• At HMC in October, one of our Unreasonable panellists, Charlotte Pearce, spoke about building a culture of entrepreneurship in schools. She asked the room of assembled Heads, ‘How often are you allowed to fail as leaders?’ A murmur of acknowledgement said it all.

     

    Courage, defined by Professor Andrew Martin as ‘perseverance in the face of difficulty and fear’, has been linked to academic performance and engagement. Where confidence is lacking, students who can harness their will to carry on, despite their fear, are able to perform almost as well as their more capable peers.

     

    And yet, the opposite of courage – avoidance – is the elephant in every classroom. Many (often high-performing) students would rather avoid trying, than experience the pain and difficulty of the potential failure. And many teachers (and Heads), facing the huge pressures of time, expectation and scarce resource, would often rather take the knowable route than a risk.

     

    We have seen, working with thousands of students across the last five years, that moments of courage lead to rising confidence, and moments of avoidance lead to a debilitating fear. But, in spite of the clear benefits of courageous action, so many opportunities are missed. Why?

     

    Many have traditionally used the language of power to catalyse courage – ‘summon your strength’, ‘put on your armour’, ‘toughen up’. But what if we start at the other end? The second part of Martin’s definition speaks to Brene Brown’s powerful call to vulnerability, in which we expect and applaud an authentic engagement with our own fear. And this engagement starts at the top – do Heads across the UK ever admit they’re fearful?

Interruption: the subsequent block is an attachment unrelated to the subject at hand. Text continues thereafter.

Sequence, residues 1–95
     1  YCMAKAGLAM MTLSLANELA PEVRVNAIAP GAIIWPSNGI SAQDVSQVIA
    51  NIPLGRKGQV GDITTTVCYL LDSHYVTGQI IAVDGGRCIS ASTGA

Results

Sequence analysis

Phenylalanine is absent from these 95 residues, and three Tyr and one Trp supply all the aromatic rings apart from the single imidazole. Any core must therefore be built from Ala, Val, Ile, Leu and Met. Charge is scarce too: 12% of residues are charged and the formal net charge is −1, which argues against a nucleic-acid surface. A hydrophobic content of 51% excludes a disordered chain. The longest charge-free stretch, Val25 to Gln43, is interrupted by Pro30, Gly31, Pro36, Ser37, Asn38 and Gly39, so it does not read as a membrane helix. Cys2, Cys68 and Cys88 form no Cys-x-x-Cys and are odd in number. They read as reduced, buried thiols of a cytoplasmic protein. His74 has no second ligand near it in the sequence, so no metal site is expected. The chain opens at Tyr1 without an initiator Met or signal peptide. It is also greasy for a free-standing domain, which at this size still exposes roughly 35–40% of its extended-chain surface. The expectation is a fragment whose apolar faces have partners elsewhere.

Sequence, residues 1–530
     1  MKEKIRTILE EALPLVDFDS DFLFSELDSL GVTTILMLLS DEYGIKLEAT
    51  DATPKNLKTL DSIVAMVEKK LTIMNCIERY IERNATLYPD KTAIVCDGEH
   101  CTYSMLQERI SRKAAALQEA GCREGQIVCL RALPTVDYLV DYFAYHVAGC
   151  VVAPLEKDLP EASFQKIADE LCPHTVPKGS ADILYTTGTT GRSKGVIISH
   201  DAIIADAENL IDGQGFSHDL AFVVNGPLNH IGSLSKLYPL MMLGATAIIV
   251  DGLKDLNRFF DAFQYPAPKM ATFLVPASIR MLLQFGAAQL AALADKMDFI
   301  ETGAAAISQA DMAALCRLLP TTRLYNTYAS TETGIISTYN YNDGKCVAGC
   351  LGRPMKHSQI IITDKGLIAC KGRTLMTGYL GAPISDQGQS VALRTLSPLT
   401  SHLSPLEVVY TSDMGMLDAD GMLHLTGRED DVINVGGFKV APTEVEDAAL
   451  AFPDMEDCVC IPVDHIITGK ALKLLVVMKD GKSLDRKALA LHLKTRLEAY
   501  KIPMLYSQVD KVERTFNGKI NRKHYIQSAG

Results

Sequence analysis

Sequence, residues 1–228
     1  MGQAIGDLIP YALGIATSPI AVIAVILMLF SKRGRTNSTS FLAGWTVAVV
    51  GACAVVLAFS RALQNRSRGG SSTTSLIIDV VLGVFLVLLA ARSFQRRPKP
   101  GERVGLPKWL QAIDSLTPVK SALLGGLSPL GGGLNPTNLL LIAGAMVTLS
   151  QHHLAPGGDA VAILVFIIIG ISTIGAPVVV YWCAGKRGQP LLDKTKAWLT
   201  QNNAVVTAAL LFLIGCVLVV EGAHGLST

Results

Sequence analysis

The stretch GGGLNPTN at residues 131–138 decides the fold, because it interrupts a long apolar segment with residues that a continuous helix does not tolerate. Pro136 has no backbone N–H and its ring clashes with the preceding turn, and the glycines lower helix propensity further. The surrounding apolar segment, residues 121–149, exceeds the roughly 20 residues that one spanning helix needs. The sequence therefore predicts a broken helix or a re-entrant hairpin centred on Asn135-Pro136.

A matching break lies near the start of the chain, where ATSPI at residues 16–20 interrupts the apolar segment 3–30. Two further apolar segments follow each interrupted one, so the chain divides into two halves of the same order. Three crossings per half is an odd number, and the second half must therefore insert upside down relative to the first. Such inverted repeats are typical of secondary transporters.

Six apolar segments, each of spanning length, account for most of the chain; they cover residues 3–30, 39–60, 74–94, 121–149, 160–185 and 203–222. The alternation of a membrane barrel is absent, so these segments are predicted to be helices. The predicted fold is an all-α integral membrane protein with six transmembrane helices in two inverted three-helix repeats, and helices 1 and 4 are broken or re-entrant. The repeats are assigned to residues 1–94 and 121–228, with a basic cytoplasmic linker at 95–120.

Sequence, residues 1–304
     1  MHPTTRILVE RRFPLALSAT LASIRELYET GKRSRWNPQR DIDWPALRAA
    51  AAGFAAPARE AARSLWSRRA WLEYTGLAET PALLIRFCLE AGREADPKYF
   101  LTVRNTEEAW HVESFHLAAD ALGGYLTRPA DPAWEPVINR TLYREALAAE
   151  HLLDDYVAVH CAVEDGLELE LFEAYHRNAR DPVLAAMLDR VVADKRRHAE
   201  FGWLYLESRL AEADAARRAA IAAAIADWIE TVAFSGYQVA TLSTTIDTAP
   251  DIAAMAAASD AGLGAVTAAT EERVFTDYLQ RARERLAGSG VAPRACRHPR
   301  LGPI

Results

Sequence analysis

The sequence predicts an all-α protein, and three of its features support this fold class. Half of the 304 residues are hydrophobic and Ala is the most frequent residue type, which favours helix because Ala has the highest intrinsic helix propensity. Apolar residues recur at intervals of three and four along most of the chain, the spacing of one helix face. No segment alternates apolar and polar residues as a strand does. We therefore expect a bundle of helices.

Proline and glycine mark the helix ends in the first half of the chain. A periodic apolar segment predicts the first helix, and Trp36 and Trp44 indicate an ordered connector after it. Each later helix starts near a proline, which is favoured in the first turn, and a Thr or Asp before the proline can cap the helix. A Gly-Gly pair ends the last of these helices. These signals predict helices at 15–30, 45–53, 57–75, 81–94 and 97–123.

Our Founder, Duncan Piper, was invited to contribute to the Principal’s Lecture at Cheltenham Ladies’ College earlier this year. He sat on the front row as Eve Jardine-Young shared with some five hundred girls across three year groups, and many parents and governors too, the struggle she had gone through to manage (though not overcome) her stammer. On that stage, she was true – she wasn’t a flawless, unreachable hero. And in that moment, she didn’t jostle her girls to be courageous but, instead, welcomed them all onto that stage of leadership alongside her.

     

     

    Tips to Turn up the Courage:

     

    1. Turn up the courage in your assemblies. Share your own moments of vulnerability and risks you have taken – what did they make possible for you? By sharing them you give your students and fellow staff permission to do the same.

     

    2. Show your students what struggles look like during difficult times, as well as after they have been overcome, like these testimonials from young people living with mental health issues in the present tense.

     

    3. Share this inspiring video of an American Muslim taking a courageous risk outside Trump Towers. Showing vulnerability can be scary, but what possibilities can it open up?

     

    4. Invite a member of staff to enrol in COURAGEworks, Brene Brown’s online learning community for developing bravery and courage. Ask them to share their learning with your staffroom and the whole school.

     

    5. Give feedback courageously with Kim Scott’s practice of ‘Radical Candour’ – learn how to Care Personally and Challenge Directly